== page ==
It’s 12:30am. Winter. There is what can only be described as a mini hurricane raging outside. Torrential rain pelting our roof and windows and wind whipping at our plants bending our palm trees over almost in half. I can’t sleep. Not because of the noise, which is, admittedly, loud. As I lie here listening to the rains of hell descend upon us, I cannot help but think of the homeless.
They have been on my mind lately. A lot. We have over 105,000 homeless people in Australia. This is compared to an estimated 2181 in the UK (with a population three times that of Australia). I wonder how in a country that has the 12th largest GDP in the world there are over a hundred thousand people living without homes. I wonder how this is even remotely okay.
On nights like tonight, I imagine them, trying desperately to keep warm, and dry, with the howling wind and rain, desperately trying to find shelter somewhere where they won’t be moved along. They do get moved along, you know. Because we don’t like to be reminded of how we, as a society, have failed these people. We don’t want to think that we might be, in some part, responsible. So we turn a blind eye and move them along, to where we can’t be reminded.
I once did a Community Development placement at a not-for-profit organisation in Frankston. For the uninitiated Frankston is considered the scourge of the state of Victoria. A wasteland for degenerate drug affected criminals where any sane person should never consider to live. Recently, I attended a Jeff Dunham concert and even he cracked jokes about the din of iniquity that is Frankston. We all laughed, marvelling at how this Canadian comedian could connect with us Victorians so well. I hate that I laughed.
But I digress. Part of that placement involved going around with an ‘Ambassador’ of Frankston, a council appointed person that was like a civilian police member, to see where all the homeless people ‘lived’. I remember being completely inappropriately dressed for the occasion as I tried to navigate the foreshore bush in my high heeled boots, and the muddy wasteland of derelict buildings, many of which were boarded up so that homeless people could not gain access into them. Instead, they were forced to huddle up on the steps and in doorways. Even a building left to rack and ruin was not allowed to welcome them into its far from safe, but sheltered, clutches.
I was told that during the day they would migrate from one social service to the next which is why they were not there (and presumably why it was safe for us to intrude their living space, if you could call it that). But evidence of their living was there – old blankets, rubbish, dirty nappies, needles.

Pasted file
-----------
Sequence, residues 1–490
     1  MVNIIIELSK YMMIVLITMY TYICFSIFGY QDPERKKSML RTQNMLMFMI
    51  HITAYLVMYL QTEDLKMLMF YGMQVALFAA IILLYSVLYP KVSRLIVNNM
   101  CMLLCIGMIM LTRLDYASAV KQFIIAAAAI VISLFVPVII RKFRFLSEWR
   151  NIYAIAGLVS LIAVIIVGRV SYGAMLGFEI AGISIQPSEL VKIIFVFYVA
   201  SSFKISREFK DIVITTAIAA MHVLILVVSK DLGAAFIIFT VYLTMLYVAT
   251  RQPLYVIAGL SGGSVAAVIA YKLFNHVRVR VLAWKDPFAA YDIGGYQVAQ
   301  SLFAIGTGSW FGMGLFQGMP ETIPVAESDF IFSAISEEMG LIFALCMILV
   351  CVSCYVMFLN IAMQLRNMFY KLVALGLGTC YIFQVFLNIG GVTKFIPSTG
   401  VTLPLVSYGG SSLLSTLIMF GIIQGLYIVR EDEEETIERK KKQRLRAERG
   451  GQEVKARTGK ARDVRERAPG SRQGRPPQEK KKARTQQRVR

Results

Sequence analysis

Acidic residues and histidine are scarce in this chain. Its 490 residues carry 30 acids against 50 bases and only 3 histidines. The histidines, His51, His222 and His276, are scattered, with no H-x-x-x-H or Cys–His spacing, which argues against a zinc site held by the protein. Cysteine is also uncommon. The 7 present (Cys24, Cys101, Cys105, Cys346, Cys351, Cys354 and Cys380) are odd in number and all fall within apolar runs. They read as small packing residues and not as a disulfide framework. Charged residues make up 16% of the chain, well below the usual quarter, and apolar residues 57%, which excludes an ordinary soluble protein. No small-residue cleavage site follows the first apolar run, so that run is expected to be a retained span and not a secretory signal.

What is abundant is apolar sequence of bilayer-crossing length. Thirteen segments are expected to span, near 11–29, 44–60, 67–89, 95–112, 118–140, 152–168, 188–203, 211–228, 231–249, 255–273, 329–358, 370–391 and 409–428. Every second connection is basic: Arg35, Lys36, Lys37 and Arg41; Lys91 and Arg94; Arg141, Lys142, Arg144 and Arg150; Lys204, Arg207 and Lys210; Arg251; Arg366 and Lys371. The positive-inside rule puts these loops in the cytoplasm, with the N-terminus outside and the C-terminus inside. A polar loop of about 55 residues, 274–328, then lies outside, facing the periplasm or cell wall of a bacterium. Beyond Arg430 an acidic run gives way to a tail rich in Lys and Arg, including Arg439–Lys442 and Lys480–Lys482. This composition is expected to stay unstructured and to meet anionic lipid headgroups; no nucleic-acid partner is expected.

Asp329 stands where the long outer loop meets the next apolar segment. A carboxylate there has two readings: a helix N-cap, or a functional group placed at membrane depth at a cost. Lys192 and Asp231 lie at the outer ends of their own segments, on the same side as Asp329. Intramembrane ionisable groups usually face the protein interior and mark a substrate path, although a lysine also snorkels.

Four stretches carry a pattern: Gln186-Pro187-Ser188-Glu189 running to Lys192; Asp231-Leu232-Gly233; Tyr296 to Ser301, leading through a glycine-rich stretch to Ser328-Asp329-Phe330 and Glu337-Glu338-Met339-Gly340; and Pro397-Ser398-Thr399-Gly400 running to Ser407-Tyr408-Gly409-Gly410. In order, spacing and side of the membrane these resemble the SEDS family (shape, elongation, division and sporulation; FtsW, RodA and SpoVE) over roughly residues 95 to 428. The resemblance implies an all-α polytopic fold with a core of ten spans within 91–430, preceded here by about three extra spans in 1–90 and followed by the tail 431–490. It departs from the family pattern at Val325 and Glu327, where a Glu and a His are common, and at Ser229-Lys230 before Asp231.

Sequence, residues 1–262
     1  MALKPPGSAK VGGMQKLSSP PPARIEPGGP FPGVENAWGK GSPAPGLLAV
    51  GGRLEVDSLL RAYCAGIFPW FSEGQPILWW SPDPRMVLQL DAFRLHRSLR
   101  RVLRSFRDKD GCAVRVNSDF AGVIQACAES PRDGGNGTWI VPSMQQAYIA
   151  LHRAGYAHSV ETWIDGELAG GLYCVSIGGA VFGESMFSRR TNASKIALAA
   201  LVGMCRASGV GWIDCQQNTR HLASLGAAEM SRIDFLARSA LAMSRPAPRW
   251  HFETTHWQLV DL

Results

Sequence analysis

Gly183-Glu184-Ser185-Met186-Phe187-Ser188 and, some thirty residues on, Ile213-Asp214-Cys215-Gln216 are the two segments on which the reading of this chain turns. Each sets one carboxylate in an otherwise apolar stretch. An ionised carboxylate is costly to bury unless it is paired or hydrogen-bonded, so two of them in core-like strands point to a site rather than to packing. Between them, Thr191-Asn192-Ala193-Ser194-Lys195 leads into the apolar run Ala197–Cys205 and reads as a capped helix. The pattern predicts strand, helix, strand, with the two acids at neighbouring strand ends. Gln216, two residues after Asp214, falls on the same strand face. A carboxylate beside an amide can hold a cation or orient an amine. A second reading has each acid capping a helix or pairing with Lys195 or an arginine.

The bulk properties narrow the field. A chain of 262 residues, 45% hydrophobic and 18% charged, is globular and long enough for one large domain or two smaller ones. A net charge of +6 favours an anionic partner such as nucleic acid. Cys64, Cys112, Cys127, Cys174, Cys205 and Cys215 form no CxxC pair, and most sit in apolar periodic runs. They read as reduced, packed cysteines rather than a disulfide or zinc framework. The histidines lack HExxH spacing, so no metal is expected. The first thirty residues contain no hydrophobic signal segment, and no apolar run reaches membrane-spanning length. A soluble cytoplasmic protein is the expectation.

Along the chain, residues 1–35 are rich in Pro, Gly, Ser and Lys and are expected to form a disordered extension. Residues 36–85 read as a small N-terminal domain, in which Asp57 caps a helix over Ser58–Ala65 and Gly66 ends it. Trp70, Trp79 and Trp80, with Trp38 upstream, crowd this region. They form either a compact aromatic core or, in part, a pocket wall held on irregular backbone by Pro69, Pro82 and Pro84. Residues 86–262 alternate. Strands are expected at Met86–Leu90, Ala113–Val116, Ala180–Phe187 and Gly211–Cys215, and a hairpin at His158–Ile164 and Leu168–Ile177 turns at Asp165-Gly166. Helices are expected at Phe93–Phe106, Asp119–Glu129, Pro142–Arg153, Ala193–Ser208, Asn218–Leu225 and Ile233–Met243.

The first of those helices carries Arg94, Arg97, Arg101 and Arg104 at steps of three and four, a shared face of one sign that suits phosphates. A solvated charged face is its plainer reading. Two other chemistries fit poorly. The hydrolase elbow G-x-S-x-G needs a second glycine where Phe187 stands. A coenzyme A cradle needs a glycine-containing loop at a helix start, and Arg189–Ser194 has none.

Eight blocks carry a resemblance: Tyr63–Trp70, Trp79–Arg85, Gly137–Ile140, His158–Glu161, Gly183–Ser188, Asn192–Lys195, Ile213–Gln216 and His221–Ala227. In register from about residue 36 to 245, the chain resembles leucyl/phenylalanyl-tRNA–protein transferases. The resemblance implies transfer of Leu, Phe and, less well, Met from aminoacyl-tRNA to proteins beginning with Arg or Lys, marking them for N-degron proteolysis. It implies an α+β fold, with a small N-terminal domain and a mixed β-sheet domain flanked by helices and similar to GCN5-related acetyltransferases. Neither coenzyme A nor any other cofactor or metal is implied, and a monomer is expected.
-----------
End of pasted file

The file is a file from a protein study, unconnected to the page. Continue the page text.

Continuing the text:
How is it that we think this is okay?
Watching a Richard Dawkins program the other night about religion, he interviewed a professor who had studied human atrocities and how we, as humans, are capable of such grotesque acts. She cited the Nazi regime in particular. They found that when we are convinced that another person is less than us, the part of our brain responsible for empathy shuts down. This process, she termed ‘Otherisation’. A process whereby we are able to convince ourselves, or be convinced, that the person to whom the atrocity is occuring is less than human. This is how Hitler was able to convince those German soldiers to commit such awful things and this is how we, as a society, are able to switch off to the inequality around us. We tell ourselves that the homeless deserve it, that they use the money we give to take drugs, that they don’t hold the same values we do, that they are ‘other’ to us, less than us, not human. We have switched off our empathy.
It is how Tony Abbott and his ridiculous government are able to sleep at night knowing the atrocities they are committing against refugees, and single mothers, and gays, and the aboriginal people, and the homeless. Because, inherently, they believe in ‘otherisation’. These people are less than them, money is god, and all else be damned. Their empathetic brains have been switched off and there is a swathe of anti-humanism sweeping our country at their hands.
Homelessness keeps me awake at night. Inhumanity keeps me awake at night. How about you?
So, what do we do?
We donate. Our time, our blankets, our old clothes. We donate money to schemes like Swags for Homeless so at least they might be kept dry on nights like these. We donate food to places like Foodbank and we sure as hell buy that copy of The Big Issue the next time we are accosted in the street. We encourage our work places to take on Corporate Volunteer schemes at places like Sacred Heart Mission or City Life, organisations that make it their business to ensure the lives of the homeless are that much more bearable. There is much we can do despite a government hell bent on destroying our country’s Social Intelligence.
Let us do this. Let us ensure that we reduce that number. Let us make a stand for humanity, all of humanity. So that it is only the driving rain on the roof that is keeping people awake at night, and not the lack of shelter.